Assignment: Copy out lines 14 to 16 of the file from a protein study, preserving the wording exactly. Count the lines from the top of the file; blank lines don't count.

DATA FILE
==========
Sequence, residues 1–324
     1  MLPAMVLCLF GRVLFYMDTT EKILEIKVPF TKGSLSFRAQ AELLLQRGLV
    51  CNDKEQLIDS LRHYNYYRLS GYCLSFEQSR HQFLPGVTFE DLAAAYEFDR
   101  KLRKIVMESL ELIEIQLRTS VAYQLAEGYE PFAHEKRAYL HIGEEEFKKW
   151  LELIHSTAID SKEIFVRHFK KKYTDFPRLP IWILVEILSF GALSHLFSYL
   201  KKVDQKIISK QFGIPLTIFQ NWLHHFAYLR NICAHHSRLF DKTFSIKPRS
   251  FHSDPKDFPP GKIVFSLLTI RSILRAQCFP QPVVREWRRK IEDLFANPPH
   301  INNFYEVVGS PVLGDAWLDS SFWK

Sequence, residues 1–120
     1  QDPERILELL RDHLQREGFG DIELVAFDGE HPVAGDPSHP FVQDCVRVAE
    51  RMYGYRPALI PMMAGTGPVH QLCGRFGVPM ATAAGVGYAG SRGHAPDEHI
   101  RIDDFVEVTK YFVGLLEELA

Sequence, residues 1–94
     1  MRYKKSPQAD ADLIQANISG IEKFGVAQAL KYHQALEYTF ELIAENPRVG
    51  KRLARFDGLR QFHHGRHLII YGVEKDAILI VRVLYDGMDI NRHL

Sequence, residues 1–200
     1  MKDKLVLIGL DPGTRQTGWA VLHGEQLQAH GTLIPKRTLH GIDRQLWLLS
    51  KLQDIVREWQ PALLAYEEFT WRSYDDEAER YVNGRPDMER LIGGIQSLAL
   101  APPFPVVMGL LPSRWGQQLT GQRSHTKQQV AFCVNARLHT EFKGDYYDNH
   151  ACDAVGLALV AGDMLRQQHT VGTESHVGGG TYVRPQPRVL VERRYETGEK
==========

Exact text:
     1  MRYKKSPQAD ADLIQANISG IEKFGVAQAL KYHQALEYTF ELIAENPRVG
    51  KRLARFDGLR QFHHGRHLII YGVEKDAILI VRVLYDGMDI NRHL

Sequence, residues 1–200